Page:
Likely for some pathetic political reason where a couple of big whigs weren't having their egos rubbed the right way, the sequel to Republic Commando got cancelled. This is a major problem for LucasArts who seem to think that they are god's gift to science fiction media. Meanwhile, they have conveniently forgotten that for decades, Hollywood has worked hard to crush talented storytellers from ever getting their science fiction works supported and available. The Hollywood brats are in fact the Hollywood bastards and history will soon need to reflect that fact. That aside, Republic Commando only had a few worlds to explore but each was splayed out in an interesting way and all three missions had worthy end goals. The squad of four Republic clone, special forces soldiers was memorable and the player was granted the ability to set their squadmates in strategic positions. Controls were easy to master and the main rifle had three useful attachments.
1. Spartan: Total Warrior (No Direct Sequel)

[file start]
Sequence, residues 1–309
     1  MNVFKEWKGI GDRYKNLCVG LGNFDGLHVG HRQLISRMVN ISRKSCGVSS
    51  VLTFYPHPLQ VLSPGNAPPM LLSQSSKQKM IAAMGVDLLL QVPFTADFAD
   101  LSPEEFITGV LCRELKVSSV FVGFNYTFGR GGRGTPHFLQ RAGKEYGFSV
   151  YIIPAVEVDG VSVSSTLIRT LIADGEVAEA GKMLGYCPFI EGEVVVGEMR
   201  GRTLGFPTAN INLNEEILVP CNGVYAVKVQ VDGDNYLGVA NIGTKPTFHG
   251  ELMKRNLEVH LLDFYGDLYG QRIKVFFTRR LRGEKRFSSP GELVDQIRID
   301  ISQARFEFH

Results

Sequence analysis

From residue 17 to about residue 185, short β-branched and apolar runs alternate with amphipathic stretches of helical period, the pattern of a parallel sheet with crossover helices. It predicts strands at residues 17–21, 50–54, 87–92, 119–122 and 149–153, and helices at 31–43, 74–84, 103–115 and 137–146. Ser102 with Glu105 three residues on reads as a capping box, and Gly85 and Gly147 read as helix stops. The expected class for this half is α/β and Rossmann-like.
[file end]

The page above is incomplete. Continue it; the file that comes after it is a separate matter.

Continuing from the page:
The developer, Creative Assembly, have focused on PC games and most of their console games are more suitable for PC based on UI, mechanics and gameplay. However, Spartan stands out as truly exceptional. The game has a compelling story set in a unique ancient world that blends real history with mythology. The hero is a sympathetic character and his allies are also congenial and worthy of fighting for. The villains are quite evil and Ares is an epic final boss. The controls are straightforward and easy to master. There are four unique weapons to use and each has a powerful special attack. The game is a hack-and-slash and features battles with hundreds of enemies. The missions map the progress of a quest across ancient territories in the Roman Empire and the finale is set at the Colosseum in Rome. Creative Assembly did attempt a sequel and it is quite playable at first. This time the ancient era is focused on the Viking Norsemen, however, the narrative is not as compelling, the characters are not as interesting, and the missions are very repetitive and tedious.